Line follower robot using 8051.

Line follower robots were one of the earliest automatic guided robots. They are able to follow a line marked on a contrasting background, usually a black line on a white surface or a white line on a black surface.  Usually the line follower robot works on a closed loop feedback algorithm where the feedback from the line sensor is used by the controller for correcting the path of the robot. The sensors are usually LED/LDR, LED/Photodiode or LED/Phototransistor pairs and the controller is an electronic circuit which executes the desired feedback algorithm. Gear motors are used for driving the robotic wheels.

Note:- If you are interested in Arduino based development, we have created this same line-follower-robot-using-arduino as well. You may try the arduino based circuit as well to see how same project is developed using different controllers.

Line follower robot using 8051.The line follower robot presented here is designed to follow a black line on a white background. It has a pair of sensors (LED / LDR) and works on a simple “align robot on center of the line algorithm”. Actually you does not need a microcontroller for implementing such a simple robot. A set of comparators and a motor driver circuit will happily do the job. But I am using the microcontroller just to demonstrate the technology. Also this project serves as a platform for advanced line follower robots which works on complex algorithms. AT89S52 from Atmel is the microcontroller used here.


The sensor part consists of a set of LED / LDR pairs for the left side and right sides. These LED / LDR pairs detect the black line on the white surface on which the robot is supposed to roam. The LDR has an inverse relationship between its resistance and the light falling on it. When a particular LED / LDR pair is above the white surface the reflected light falls on the LDR and its resistance drops, conversely when the LED / LDR pair is above the black line, its resistance rises. This variation in resistance of the LDRs are used to asses the orientation of the line follower robot in the X-Y plane. The figure shown below depicts the sensor circuit.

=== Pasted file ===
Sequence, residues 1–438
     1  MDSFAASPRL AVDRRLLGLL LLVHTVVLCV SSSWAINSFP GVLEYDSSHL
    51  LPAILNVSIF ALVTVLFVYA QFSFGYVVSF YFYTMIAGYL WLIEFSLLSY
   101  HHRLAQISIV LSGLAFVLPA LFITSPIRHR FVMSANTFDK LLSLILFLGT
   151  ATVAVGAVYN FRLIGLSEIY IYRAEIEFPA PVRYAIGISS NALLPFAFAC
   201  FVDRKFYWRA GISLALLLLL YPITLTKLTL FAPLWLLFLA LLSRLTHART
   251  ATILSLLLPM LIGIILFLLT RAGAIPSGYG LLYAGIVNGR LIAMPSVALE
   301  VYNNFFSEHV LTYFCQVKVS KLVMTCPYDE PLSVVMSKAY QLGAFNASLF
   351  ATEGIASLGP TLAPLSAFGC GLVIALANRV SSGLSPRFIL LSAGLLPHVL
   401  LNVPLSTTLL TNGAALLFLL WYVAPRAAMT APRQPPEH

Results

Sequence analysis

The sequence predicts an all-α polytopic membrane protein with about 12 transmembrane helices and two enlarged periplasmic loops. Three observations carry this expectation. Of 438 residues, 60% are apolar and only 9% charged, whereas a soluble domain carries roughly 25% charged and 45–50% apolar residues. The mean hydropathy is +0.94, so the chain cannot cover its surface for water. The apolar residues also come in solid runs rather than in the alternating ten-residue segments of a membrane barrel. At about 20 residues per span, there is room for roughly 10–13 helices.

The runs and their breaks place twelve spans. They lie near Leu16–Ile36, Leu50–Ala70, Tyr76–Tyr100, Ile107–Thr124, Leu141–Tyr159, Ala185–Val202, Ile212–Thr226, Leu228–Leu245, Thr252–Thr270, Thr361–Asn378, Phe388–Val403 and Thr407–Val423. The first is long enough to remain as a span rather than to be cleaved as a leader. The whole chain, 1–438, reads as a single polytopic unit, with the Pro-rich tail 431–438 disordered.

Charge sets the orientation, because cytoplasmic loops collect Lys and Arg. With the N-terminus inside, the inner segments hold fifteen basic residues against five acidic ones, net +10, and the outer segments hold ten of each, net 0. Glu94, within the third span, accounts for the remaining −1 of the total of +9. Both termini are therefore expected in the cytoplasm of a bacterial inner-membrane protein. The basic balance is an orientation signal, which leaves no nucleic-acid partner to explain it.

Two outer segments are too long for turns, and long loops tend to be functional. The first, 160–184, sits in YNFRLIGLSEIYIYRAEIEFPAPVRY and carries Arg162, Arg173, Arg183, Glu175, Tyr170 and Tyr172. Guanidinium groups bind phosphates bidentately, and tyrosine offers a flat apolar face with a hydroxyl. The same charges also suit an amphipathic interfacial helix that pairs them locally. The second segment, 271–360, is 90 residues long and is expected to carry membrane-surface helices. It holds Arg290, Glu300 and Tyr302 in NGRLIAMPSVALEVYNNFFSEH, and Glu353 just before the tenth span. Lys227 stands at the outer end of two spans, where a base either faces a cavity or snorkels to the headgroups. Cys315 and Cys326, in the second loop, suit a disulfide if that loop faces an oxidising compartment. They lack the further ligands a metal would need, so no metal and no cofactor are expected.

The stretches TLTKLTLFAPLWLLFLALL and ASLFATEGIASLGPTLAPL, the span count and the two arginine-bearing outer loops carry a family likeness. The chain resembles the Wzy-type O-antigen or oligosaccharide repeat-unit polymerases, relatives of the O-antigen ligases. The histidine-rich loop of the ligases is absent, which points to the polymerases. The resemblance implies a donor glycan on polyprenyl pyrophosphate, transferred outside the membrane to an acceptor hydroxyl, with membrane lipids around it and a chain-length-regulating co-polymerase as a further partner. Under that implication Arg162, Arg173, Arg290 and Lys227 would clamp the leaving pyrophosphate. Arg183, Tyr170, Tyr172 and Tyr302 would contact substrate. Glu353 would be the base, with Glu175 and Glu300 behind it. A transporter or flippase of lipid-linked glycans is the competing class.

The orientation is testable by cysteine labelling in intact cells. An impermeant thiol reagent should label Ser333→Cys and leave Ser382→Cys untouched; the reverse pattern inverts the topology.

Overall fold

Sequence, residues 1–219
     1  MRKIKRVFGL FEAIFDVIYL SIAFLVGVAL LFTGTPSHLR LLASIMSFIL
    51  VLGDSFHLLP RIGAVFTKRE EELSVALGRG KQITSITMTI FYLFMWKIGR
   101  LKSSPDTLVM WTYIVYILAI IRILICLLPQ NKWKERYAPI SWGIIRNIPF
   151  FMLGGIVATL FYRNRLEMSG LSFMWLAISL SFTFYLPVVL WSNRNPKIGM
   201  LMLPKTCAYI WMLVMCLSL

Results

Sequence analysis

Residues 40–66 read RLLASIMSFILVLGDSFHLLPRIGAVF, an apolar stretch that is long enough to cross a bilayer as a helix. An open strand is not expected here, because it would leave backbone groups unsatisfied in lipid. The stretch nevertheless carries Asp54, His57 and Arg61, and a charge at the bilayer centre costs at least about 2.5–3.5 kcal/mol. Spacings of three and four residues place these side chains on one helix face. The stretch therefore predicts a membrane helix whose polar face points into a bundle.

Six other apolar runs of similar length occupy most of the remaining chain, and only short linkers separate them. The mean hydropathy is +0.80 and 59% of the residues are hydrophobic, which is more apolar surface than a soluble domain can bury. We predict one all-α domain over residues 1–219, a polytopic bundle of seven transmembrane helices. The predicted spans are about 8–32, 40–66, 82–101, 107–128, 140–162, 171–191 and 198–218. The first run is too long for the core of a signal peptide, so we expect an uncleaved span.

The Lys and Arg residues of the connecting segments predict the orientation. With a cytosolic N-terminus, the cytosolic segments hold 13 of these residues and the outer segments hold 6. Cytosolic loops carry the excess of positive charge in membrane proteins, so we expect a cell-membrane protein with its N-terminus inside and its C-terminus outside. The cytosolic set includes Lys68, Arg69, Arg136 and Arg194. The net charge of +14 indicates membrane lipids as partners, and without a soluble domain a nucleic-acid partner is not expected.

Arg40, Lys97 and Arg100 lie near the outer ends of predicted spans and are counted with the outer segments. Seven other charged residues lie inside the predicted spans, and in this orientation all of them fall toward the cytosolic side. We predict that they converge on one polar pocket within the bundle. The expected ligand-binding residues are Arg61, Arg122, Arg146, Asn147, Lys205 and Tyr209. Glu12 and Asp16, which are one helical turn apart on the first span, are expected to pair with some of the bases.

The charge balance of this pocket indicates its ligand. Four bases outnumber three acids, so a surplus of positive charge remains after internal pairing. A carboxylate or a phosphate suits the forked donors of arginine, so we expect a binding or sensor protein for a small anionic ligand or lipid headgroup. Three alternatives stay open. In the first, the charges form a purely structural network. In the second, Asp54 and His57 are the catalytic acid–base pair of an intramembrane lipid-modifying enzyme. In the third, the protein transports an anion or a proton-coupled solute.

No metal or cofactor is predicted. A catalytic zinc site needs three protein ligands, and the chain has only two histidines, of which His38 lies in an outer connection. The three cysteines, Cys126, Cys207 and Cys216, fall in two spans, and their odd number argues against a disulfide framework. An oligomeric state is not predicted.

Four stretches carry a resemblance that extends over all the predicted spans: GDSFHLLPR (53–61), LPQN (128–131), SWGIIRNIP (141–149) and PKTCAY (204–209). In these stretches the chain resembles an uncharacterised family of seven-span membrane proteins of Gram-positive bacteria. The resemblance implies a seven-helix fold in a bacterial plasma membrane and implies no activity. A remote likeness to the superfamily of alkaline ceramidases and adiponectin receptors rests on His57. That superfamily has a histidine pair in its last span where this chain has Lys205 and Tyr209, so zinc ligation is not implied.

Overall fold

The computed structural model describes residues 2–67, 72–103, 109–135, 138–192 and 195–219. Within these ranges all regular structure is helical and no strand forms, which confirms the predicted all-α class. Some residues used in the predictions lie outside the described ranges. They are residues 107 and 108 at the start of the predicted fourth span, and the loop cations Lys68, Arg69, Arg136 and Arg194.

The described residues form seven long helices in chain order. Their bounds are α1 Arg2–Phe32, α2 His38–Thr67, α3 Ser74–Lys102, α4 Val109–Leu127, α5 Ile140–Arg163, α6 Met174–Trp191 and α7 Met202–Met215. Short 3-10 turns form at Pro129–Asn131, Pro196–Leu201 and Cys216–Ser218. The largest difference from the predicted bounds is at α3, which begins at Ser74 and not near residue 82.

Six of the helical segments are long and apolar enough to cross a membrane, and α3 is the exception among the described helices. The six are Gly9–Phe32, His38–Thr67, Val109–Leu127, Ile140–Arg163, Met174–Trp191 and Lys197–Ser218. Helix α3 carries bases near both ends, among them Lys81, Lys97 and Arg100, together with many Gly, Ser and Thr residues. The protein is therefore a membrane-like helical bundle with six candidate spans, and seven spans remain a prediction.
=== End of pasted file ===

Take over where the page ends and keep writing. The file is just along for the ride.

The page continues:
In the circuit, resistors R1 and R2 limits the current through the illuminating LEDs D1 and D2. Resistors R3, R5 and R6, R8 forms a voltage divider network together with the corresponding LDRs. The output of the sensor circuit is taken from the points labelled A and B in the circuit diagram.The table below shows the voltage at nodes A and B for the possible orientations of the sensor module.

Comparator circuit

The job of the comparator circuit is to convert analog voltage output of the sensor into a digital format for the microcontroller to read. The comparator circuit is built around opamp IC LM324 (IC1). LM324 is a general purpose quad opamp which can be operated from a single supply. Out of the four comparators inside LM324, only two are used here. One for the left side and the other for the right side. Circuit diagram of the comparator section is shown in the figure below.

Preset resistor R10 and R11 are used to set the 1V reference for the left and right comparators respectively. Output from the left and right sensors (node A and B) are connected to the non inverting input on the left and right comparators. Output of the left comparator is connected to P1.o of the microcontroller and output of the right comparator is connected to P1.1 of the microcontroller. Both comparators are wired in non inverting mode and the table given below shows their output voltage with respect to the possible input voltage combinations.

Line follower robot using 8051 Schematic

Microcontroller (AT89S52).

The task of the microcontroller here is to control the left and right motors according to the feedback signals from the left and right comparators so that the robot remains on the correct path (the black line). The logic executed by the microcontroller for keeping the robot in track is illustrated in the table below.

Motor driver circuit.

The job of the motor driver circuit is to drive the motors according to the output signals from the microcontroller. The motor driver circuit is based on ULN2003A IC. ULN2003A is a high current (500mA), high voltage (50V) darlington array consisting of seven darlington pairs with common emitter and open collector. Out of the seven channels available in the IC,only two are used here. One for the left channel and one for the right channel. Schematic of the motor driver circuit is shown in the figure below. The operation of ULN2003 is very simple to explain. When a particular input line (say pin 1) is made high the corresponding output line (pin 16 goes low) and vice versa.


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